The Texas 4-H Livestock Ambassador program has made a significant impact on my life. At the age of fourteen, I was pushed into the Livestock Ambassador program. My dad was determined to get me there by all means possible. I had grown up showing mostly swine with the occasional lamb and steer, and my family owned a commercial cow/calf operation. However, I was not really interested in agriculture. My dad was a county Extension agent at the time and I associated ag and livestock production with the horribly boring lectures I got when I was trapped in a vehicle for hours at a time and had no place to run. It did not make me feel any better when I walked into the Pierce Pavilion on the first day of the short course in 2013 and realized that I did not recognize a single face. As the baby of the group I was pretty shy for the first oh twelve minutes but eventually broke out of my shell and the friends I made that week have stuck by my side since then. I was not sure what to expect when my dad dropped me off that morning but the learning began and agriculture and livestock production began to literally grow on me. The speakers were relatable and encouraging. I was a little intimidated by the knowledge of my peers but it taught me that others will always know more than me and I can only learn more from them. At the end of the week I left realizing that I truly do care about agriculture and livestock production, and I have probably said it a thousand times since that week but a true passion was ignited inside me.
Soon after my initial experience, I began giving presentations and teaching others as much as I could about livestock production. As an ambassador, I have worked booths at the Houston Livestock Show and Rodeo, commodity carnivals, the Texas State Capitol, Texas 4-H Roundup and I have walked around the Kroger aisles for hours on end teaching consumers where their food comes from. Each experience came with new people, new ideas, new conversations, and new fires. I have been able to meet those who would not buy beef from Kroger because they were not fed the “special” food. I have met those who claim non-GMO will end world hunger, probably with that same “special” food. And I have met children in rural El Campo, Texas that refuse to eat meat because of the “inhumanity of the slaughtering process”. At ten years old I would not have understood any of these words, but that just proves to me how quickly the world is changing and just how important educating younger generations is. I was able to attend a conference at the Texas State Capitol with the Ambassador group twice, each time I attended I learned so much that I did not even know where to start when it came to asking questions. This event inspired me to explore a career in promoting and protecting the livestock industry as an attorney.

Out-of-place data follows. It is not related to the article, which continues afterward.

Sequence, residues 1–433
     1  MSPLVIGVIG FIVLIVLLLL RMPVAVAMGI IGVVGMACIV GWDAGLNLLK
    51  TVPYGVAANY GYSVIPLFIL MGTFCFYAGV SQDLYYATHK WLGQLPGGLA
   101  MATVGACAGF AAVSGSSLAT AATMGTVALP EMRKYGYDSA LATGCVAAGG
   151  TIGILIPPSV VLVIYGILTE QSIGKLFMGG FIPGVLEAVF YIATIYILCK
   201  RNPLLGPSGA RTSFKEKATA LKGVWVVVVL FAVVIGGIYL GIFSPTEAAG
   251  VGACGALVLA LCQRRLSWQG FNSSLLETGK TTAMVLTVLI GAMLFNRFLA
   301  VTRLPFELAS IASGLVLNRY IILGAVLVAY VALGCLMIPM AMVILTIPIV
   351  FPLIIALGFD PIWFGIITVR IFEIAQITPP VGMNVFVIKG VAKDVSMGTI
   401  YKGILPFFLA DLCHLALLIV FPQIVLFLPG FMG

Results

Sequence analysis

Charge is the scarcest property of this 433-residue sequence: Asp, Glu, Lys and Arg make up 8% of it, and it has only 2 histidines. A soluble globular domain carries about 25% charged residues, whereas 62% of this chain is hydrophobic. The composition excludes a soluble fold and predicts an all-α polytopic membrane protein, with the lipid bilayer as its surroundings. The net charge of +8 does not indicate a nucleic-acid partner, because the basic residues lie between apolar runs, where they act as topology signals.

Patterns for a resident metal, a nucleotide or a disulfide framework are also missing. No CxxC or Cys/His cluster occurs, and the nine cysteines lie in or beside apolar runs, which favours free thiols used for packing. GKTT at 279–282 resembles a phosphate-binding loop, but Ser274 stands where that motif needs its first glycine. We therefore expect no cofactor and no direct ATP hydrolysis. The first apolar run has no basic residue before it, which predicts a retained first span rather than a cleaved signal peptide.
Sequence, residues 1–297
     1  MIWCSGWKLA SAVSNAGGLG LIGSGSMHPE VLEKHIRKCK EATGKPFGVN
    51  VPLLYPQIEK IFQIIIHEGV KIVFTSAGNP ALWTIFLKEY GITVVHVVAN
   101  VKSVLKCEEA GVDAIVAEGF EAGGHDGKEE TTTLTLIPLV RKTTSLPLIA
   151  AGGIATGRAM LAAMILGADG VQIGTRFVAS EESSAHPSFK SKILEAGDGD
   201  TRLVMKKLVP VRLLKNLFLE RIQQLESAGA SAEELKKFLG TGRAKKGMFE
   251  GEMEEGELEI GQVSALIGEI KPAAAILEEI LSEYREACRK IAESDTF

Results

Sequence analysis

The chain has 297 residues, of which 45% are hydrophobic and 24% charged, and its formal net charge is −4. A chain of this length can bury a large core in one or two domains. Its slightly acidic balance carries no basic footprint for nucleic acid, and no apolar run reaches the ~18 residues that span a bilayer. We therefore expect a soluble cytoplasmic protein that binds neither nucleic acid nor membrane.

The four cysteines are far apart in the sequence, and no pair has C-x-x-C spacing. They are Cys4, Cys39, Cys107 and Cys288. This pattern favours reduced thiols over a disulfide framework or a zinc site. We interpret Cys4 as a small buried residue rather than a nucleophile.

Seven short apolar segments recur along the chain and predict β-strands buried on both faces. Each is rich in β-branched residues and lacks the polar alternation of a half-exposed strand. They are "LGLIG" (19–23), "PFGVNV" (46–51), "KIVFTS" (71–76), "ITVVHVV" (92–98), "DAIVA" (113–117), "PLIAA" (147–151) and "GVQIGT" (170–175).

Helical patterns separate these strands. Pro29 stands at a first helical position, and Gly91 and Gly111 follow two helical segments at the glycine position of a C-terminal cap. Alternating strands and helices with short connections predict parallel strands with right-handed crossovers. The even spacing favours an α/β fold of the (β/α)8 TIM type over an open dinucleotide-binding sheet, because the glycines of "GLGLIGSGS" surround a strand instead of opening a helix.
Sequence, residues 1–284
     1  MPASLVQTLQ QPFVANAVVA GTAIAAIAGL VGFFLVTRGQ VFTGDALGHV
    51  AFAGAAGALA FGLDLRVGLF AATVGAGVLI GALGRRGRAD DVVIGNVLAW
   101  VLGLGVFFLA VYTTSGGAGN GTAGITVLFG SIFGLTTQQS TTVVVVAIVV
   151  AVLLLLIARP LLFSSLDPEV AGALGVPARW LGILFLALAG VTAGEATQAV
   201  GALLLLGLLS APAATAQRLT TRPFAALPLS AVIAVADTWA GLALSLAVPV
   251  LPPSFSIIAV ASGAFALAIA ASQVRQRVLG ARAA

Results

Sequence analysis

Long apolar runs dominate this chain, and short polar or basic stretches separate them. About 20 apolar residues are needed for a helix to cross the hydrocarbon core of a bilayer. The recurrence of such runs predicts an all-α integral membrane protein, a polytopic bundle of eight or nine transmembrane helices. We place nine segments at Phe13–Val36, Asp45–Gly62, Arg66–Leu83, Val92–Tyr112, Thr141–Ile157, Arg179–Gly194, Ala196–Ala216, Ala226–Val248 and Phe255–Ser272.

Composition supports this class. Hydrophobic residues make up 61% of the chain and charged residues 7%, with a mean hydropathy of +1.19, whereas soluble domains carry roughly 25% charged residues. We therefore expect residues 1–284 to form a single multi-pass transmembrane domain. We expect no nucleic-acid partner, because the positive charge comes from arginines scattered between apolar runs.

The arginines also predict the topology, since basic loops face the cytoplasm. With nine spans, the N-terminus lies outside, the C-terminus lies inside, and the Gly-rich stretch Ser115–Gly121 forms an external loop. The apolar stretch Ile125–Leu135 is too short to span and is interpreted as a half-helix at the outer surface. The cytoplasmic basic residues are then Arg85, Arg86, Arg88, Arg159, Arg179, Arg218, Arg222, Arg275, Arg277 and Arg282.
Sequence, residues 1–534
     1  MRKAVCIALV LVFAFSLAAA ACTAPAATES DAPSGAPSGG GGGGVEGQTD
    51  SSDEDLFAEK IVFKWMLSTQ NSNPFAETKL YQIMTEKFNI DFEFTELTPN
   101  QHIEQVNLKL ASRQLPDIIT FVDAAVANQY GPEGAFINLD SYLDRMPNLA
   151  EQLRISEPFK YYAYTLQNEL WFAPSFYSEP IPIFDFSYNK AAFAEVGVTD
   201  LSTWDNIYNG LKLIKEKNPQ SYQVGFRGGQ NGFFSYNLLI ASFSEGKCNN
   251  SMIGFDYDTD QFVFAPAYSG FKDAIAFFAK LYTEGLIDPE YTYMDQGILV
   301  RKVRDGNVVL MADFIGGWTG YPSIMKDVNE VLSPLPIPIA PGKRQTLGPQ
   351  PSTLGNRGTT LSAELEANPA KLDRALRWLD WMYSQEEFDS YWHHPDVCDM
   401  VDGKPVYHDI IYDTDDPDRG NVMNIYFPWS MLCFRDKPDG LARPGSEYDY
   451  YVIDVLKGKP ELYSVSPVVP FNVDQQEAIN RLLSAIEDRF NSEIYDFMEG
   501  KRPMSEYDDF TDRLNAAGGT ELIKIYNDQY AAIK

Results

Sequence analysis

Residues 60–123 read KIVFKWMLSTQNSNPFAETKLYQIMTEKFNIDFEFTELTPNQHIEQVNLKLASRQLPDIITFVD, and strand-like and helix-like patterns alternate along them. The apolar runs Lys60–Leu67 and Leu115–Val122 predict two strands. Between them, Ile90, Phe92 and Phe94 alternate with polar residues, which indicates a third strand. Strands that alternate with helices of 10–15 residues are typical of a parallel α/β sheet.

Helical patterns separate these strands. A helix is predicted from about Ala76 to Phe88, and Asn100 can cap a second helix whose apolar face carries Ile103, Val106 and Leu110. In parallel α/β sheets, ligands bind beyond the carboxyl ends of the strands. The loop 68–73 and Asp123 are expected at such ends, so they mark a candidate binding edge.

Last year, rumors began swirling about an international trip as part of the ambassador program. I was so nervous that I would not get selected to go, but everything always works out in the end. The trip included visits to Uruguay and Argentina and was absolutely incredible. Although I was freezing or waiting for ghosts to pop out at the hotels we stayed in, I was able to learn more about the process of producing grass-fed beef, how the industry has an entire job field dedicated to promoting and sharing livestock production, and that Buenos Aires is actually a fantastic place for orange juice. The culture was really interesting to observe. Eating beef and dulce de leche at every meal and learning about the government’s control of industries through monopolies were just a few of the many cultural aspects.
After my short course, I had to write an essay about someone who inspires me. I wrote about my dad. See, most kids sit around every single day waiting for something extraordinary to happen. For me, this happens every single day because my dad pushed me to try just one new thing. This program is truly extraordinary. Because of my participation in the Livestock Ambassador program, I now know where I am going in life. I know what I am passionate about. I know who I am because of this program. The agricultural industry is so complex, there is so much to learn, and at fourteen I had just scratched the surface. Now at almost 18 this program has given me the tools I need to continue digging deeper and deeper. Next year I will attend Texas A&M University, with a major in Animal Science. I currently plan on attending law school after earning my degree with an emphasis on agriculture.
Four years ago something extraordinary happened in a pavilion in College Station, Texas, and I intend to follow this passion wherever it leads me. Because of the Livestock Ambassador program, I know that I have a voice and the world will hear me loud and clear.